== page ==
Family names sons for Navy SEALS who died during Afghan mission
EXETER — Jesse McIntyre made a promise when he met the mother of fallen Exeter Navy SEAL Daniel Healy a year ago.
The 35-year-old father of five wasn't sure what to say to the Gold Star mother, but he knew that he would make sure his children never forgot Healy's sacrifice.
"Mrs. Healy, I promise you our children will know," he told her.
McIntyre and his wife, Sarah, have now found a way to keep that promise.
They have decided to name their sixth child Daniel Healy McIntyre. The due date is Christmas Day — Healy's favorite time of year.
"I just want my child to be a good person and understand what it took for us to be here," said McIntyre, who served three years in the Navy before being medically discharged after an injury.
The McIntyres of Waterbury, Conn., never knew Senior Chief Petty Officer Daniel Healy or his mother, Natalie, who lives in Exeter and has spent the eight years since his death doing everything she can to keep the memory of her son and the others who died in Operation Red Wings alive.
But they did know the story of how Healy, 36, died along with seven other SEALs and eight Army "Nightstalkers" when their helicopter was shot down in Afghanistan in June 2005.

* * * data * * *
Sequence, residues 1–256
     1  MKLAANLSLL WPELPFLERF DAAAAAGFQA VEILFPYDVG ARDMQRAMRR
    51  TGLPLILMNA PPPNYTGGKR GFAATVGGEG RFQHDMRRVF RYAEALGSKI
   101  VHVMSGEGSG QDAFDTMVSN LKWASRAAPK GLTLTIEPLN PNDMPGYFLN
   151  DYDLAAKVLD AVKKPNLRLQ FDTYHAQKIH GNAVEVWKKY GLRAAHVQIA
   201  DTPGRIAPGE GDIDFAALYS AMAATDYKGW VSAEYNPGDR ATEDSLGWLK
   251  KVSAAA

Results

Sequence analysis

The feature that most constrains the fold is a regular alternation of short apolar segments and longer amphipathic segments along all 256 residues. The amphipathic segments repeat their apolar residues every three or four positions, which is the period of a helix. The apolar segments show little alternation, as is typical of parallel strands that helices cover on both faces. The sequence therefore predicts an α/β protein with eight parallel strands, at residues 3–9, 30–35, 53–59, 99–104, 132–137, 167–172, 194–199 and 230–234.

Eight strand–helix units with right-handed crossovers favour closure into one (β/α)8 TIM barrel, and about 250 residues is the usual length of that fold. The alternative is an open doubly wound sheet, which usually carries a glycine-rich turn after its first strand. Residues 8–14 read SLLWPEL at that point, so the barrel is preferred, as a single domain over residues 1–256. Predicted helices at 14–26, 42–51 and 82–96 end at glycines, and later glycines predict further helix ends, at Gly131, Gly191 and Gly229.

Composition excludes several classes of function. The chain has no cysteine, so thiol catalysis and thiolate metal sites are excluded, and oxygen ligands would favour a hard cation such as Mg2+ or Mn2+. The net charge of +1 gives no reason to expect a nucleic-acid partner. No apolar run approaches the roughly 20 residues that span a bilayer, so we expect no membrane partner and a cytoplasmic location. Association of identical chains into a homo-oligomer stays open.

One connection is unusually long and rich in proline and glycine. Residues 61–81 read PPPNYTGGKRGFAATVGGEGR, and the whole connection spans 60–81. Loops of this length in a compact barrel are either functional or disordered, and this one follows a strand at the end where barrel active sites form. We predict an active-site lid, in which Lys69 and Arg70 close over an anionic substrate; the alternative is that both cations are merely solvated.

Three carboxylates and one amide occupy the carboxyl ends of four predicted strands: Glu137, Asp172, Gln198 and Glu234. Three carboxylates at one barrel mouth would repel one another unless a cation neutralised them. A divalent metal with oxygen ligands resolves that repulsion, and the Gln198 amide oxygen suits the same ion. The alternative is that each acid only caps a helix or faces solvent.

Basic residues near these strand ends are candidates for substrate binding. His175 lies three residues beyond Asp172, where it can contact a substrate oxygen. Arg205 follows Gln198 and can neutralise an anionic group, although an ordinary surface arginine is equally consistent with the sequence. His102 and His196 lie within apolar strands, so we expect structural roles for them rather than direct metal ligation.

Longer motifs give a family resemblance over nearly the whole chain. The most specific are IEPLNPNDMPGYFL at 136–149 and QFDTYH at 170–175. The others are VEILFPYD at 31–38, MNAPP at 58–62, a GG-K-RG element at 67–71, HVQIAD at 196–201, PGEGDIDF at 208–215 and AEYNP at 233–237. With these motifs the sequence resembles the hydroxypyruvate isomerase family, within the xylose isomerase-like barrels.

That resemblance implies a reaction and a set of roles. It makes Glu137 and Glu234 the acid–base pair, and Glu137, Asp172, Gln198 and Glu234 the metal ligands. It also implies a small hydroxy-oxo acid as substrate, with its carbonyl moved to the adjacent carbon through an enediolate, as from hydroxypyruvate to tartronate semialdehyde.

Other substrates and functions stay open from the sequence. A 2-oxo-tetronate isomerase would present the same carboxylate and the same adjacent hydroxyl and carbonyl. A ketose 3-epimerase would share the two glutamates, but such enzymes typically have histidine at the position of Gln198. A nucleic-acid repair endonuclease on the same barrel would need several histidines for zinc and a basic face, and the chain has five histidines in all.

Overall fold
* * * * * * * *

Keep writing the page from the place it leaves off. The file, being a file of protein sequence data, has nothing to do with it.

They were on a mission to rescue Lt. Michael Murphy and three other Navy SEALs who were part of a reconnaissance team that came under enemy fire. SEAL Marcus Luttrell was the only one to survive the attack, which will be the subject of a major motion picture hitting theaters in December called "Lone Survivor." At the time, it was the largest loss of life in Navy SEAL history.
The McIntyres' 2-year-old son is named for Michael Murphy.
"It's just wonderful to have our sons honored that way," said Natalie Healy, who has since started an organization called Dan Healy's Heroes and also owns Olde Towne Hall Antiques in Stratham. "It really lends great comfort to you after all the work and love you put into a child and they grow up and then die young like that. It's gratifying that people want to keep these men alive. Their spirit will be passed on to children who will be beneficial to the world like our boys were."
Healy and the McIntyres have developed a close relationship after a chance meeting in a parking lot in May 2012 in Maine at a memorial run for the USS Michael Murphy.
"As a mother, I really believe that it is so important for our children to know that the freedom we enjoy each day didn't come without a cost," Sarah McIntyre said. "For the rest of all six of their lives, the lives of their children, their families and their friends, the sacrifices made by our nation's heroes will not be lost on them. They will remember. It is the very least that we can do to make sure the next generation never forgets."
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